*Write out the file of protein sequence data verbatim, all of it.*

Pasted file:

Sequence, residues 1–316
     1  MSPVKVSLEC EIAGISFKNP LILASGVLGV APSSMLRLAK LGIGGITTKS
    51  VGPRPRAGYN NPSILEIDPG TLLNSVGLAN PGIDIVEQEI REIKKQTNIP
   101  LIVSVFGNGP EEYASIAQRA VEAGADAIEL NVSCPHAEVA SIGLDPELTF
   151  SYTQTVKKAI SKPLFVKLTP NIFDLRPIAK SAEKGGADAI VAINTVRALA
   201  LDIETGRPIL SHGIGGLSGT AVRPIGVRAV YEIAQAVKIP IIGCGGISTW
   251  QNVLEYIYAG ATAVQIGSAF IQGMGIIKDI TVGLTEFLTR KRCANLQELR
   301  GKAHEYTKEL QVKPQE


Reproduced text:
Sequence, residues 1–316
     1  MSPVKVSLEC EIAGISFKNP LILASGVLGV APSSMLRLAK LGIGGITTKS
    51  VGPRPRAGYN NPSILEIDPG TLLNSVGLAN PGIDIVEQEI REIKKQTNIP
   101  LIVSVFGNGP EEYASIAQRA VEAGADAIEL NVSCPHAEVA SIGLDPELTF
   151  SYTQTVKKAI SKPLFVKLTP NIFDLRPIAK SAEKGGADAI VAINTVRALA
   201  LDIETGRPIL SHGIGGLSGT AVRPIGVRAV YEIAQAVKIP IIGCGGISTW
   251  QNVLEYIYAG ATAVQIGSAF IQGMGIIKDI TVGLTEFLTR KRCANLQELR
   301  GKAHEYTKEL QVKPQE